It's time to end your rhetoric, Mr. Bush and get to work. Fixing Iraq begins with getting off the grandstand and working towards an end-game.

-Noah Greenberg



AMT Change

The following is a reprint of a Madman article dated February 21, 2005:
Semi-Rich and Rich Wannabee People Beware


The Bush administration's assault on you has begun. I guess since America's middle class is almost done being squeezed (How much juice does an orange really have anyway?), I guess you're next.


Welcome to our middle class Hell!


Since the alternative minimum tax has been changed for the worse, the money has to come from somewhere. So if you've had high deductions dues to high property tax, state or local income tax, and child deductions, you're screwed.


And guess where those people live? About half of them live in California, New York, New Jersey and Massachusetts. There's a whole lot of Blue there.


"In short, what this means is that because of the tax shift, those of us making in the $75,000 to $250,000 per year range will now be subject to the new alternative minimum tax. "Almost 19 million taxpayers will be subject next year to the alternative minimum tax, or A.M.T., up from roughly 3.4 million this year and 1.3 million in 2000, according to the Tax Policy Center, a Washington research group whose calculations on this issue are widely accepted." -The New York Times, February 21, 2005


Since the cost of living in these areas, generally speaking, is so much higher than in other places, those at the lower end of the A.M.T. spectrum will have to due with less than ever before. Remember when $75,000 was a good salary?


Just ask Dr. Michael Levin, a physician in New York. He had to pay almost $5,000 more in federal taxes last year.


How much is your family’s share going to be?


...And Now, the Follow-Up

The change in the alternate minimum tax has been put off at least a year. The House voted 414 to 4 to stave off eliminating the AMT which would have cost middle class families who live in the suburbs of places like New York, Boston Los Angeles and San Francisco thousands of extra dollars in taxes and removed billions from the treasury. Its elimination would have cost about 15 million families thousands of extra dollars each in taxes each and every year.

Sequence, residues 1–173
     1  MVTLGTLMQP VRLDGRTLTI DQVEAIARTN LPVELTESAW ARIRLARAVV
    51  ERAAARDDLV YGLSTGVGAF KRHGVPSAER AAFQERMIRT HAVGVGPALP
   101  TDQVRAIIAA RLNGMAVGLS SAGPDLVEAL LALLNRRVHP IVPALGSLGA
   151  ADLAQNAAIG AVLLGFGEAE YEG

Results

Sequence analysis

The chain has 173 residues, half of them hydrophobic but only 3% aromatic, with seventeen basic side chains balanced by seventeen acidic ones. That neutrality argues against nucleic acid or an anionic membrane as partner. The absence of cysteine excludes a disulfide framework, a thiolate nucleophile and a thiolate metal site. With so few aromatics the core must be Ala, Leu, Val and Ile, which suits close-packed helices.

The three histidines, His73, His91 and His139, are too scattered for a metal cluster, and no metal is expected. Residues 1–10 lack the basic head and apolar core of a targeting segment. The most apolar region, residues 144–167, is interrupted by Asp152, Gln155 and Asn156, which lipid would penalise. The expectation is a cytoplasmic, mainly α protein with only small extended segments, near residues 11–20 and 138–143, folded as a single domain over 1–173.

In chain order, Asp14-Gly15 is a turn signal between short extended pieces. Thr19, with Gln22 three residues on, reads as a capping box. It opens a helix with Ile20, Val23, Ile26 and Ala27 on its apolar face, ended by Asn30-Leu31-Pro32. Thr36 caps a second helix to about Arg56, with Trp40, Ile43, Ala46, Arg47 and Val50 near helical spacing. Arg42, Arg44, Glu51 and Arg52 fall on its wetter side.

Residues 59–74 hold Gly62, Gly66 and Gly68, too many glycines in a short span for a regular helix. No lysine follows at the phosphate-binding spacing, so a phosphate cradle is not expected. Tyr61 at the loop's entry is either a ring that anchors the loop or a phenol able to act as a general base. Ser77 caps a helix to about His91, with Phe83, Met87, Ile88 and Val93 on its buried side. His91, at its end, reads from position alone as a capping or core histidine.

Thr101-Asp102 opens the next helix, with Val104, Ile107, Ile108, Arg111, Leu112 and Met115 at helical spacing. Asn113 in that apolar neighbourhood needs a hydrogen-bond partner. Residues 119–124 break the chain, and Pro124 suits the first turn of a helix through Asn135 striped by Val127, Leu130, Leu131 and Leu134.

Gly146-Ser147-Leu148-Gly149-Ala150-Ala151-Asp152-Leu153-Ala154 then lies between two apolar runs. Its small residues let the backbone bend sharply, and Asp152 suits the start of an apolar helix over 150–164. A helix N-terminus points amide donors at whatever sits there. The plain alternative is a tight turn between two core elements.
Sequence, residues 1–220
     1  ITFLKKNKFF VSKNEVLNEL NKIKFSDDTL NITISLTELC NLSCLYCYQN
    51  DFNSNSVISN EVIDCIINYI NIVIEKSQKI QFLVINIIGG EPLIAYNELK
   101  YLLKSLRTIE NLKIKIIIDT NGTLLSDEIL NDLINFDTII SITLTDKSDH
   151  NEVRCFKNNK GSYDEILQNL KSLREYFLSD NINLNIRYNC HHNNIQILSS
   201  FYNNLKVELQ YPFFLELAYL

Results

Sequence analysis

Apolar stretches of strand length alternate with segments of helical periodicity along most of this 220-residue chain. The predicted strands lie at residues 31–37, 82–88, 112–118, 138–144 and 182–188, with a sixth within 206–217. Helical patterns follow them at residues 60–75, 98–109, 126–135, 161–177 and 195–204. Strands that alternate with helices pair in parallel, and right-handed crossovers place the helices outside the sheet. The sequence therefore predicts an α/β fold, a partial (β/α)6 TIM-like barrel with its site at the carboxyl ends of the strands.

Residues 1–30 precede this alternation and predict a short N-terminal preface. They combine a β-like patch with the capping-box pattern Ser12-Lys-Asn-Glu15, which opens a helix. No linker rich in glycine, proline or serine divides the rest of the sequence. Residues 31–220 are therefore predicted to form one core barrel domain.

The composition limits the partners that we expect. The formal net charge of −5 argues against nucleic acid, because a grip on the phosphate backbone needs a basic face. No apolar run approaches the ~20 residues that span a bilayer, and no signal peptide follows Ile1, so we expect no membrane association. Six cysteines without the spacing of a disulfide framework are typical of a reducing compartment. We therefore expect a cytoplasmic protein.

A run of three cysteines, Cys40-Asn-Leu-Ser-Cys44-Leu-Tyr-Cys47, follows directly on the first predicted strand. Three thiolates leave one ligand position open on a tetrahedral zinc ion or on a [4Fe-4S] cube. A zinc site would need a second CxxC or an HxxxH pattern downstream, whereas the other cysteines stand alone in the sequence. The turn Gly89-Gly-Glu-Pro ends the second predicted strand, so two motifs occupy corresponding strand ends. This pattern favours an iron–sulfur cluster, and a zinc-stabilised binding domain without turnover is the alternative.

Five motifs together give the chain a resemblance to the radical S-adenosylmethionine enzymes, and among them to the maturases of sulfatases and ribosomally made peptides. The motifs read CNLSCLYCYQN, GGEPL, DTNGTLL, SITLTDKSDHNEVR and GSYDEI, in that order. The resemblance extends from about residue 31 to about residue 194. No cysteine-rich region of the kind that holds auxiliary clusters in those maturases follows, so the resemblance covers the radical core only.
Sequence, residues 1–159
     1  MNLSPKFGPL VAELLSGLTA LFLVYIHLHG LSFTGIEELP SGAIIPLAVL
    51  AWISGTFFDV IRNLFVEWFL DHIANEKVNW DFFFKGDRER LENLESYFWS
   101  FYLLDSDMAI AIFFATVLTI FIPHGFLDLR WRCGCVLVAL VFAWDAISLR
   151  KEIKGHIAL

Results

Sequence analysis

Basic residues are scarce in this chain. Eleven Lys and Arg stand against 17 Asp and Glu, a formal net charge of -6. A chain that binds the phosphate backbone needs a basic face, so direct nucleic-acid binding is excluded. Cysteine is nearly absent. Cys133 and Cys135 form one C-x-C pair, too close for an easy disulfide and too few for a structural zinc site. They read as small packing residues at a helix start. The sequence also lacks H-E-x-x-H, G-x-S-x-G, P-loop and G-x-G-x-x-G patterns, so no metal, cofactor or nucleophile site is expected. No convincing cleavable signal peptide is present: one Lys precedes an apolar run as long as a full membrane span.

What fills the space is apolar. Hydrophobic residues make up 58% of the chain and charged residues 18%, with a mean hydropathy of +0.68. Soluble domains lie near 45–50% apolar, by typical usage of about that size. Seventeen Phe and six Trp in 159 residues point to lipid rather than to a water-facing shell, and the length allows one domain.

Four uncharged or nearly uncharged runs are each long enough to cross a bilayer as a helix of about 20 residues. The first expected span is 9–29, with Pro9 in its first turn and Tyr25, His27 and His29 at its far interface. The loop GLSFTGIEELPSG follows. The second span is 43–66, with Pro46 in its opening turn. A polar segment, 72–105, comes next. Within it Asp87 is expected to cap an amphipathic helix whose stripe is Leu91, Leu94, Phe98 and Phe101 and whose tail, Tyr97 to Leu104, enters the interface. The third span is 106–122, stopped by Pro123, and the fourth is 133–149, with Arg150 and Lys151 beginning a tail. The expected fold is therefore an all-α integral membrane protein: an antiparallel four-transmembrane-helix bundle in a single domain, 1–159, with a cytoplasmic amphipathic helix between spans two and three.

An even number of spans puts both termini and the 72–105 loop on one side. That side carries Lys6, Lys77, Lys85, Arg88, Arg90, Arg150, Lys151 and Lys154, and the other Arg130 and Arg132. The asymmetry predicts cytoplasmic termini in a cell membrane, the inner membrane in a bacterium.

The thing is these people vote and 2006 is an election year. If the "G"reed "O"ver "P"eople party isn't removed from its majority role in 2006 then the AMT will be gone by 2007. The working middle class will have to make up for hundreds of billions of dollars that the ultra-rich, with their new tax give backs wont be paying. The elimination of the Alternative Minimum Tax is nothing but a new way to make US pay more.

Its effect would be felt mostly, if not wholly, by the upper middle class in places like New York's, Boston's and other big city suburbs... places that pay high property taxes and a higher cost of living. We all know that making $75,000 in New Jersey, for example, is a lot like making $45,000 in rural Mississippi.

The problem is this: Should the AMT be included in President's Bush's extension of his 2001 tax give back to the rich, which would cut the capital gains tax at the same time?

The answer is a simple "No." The elimination of the Capital Gains Tax and te Inheritance Tax would only increase the burden which has been too heavily laid upon the US working Middle Class.

It's time to stop playing games and make everyone pay their fair share. Fixing the AMT by allowing it to reflect the growth of inflation; leaving the Inheritance tax; and making those who "earn" their money on the selling and buying of stocks pay the same rate as those of US who earn our money the old fashioned way - by actually working - are the true ways of keeping this nation's economy stable. The American Middle Class are the true guardians of the US economy. If you want to boost it, boost US.

-Noah Greenberg



In response to, "Will the GOP restrict what 'private' schools teach if they take students who use a federally funded voucher for enrollment?", Robert Scardapane writes:

Will the GOP demand that the military recruiters have access to private schools when the students used federally funded vouchers? Thus far, I have heard no such demand and yet there are federally funded vouchers being used right now for students displaced by Hurricane Katrina. I am outraged by Roberts statement. As you correctly point out, it's not the federal government's money but it's the taxpayers money! The federal government generates no revenue of it's own - they depend on the people's money.

Therefore, the people have the right to demand that their money be invested in what they deem vital - that choice does not belong to politician, Supreme judges, etc... Government should represent the taxpayer. Otherwise, we have taxation without representation - I think I read that somewhere.


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-Noah Greenberg